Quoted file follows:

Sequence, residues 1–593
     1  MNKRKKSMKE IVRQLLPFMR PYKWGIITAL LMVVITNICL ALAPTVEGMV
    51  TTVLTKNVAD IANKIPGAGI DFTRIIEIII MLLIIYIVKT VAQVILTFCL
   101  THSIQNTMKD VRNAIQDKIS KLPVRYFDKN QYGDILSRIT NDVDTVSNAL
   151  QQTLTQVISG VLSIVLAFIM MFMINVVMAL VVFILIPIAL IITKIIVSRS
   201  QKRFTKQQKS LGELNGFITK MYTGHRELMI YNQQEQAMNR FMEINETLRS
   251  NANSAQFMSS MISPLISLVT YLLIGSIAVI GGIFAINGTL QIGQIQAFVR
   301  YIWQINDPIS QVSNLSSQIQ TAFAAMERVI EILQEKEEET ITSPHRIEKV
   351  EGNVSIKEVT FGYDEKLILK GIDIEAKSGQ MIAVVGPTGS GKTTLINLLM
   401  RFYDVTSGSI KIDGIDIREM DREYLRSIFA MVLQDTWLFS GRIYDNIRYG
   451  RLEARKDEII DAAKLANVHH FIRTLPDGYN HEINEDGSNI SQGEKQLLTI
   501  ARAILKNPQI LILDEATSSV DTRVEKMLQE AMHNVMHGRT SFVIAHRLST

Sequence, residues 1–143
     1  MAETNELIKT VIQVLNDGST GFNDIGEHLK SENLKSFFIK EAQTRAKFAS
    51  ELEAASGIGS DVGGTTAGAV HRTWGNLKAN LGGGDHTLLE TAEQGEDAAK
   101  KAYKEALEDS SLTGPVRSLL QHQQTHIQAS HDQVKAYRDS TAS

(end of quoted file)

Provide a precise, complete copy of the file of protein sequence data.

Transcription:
Sequence, residues 1–593
     1  MNKRKKSMKE IVRQLLPFMR PYKWGIITAL LMVVITNICL ALAPTVEGMV
    51  TTVLTKNVAD IANKIPGAGI DFTRIIEIII MLLIIYIVKT VAQVILTFCL
   101  THSIQNTMKD VRNAIQDKIS KLPVRYFDKN QYGDILSRIT NDVDTVSNAL
   151  QQTLTQVISG VLSIVLAFIM MFMINVVMAL VVFILIPIAL IITKIIVSRS
   201  QKRFTKQQKS LGELNGFITK MYTGHRELMI YNQQEQAMNR FMEINETLRS
   251  NANSAQFMSS MISPLISLVT YLLIGSIAVI GGIFAINGTL QIGQIQAFVR
   301  YIWQINDPIS QVSNLSSQIQ TAFAAMERVI EILQEKEEET ITSPHRIEKV
   351  EGNVSIKEVT FGYDEKLILK GIDIEAKSGQ MIAVVGPTGS GKTTLINLLM
   401  RFYDVTSGSI KIDGIDIREM DREYLRSIFA MVLQDTWLFS GRIYDNIRYG
   451  RLEARKDEII DAAKLANVHH FIRTLPDGYN HEINEDGSNI SQGEKQLLTI
   501  ARAILKNPQI LILDEATSSV DTRVEKMLQE AMHNVMHGRT SFVIAHRLST

Sequence, residues 1–143
     1  MAETNELIKT VIQVLNDGST GFNDIGEHLK SENLKSFFIK EAQTRAKFAS
    51  ELEAASGIGS DVGGTTAGAV HRTWGNLKAN LGGGDHTLLE TAEQGEDAAK
   101  KAYKEALEDS SLTGPVRSLL QHQQTHIQAS HDQVKAYRDS TAS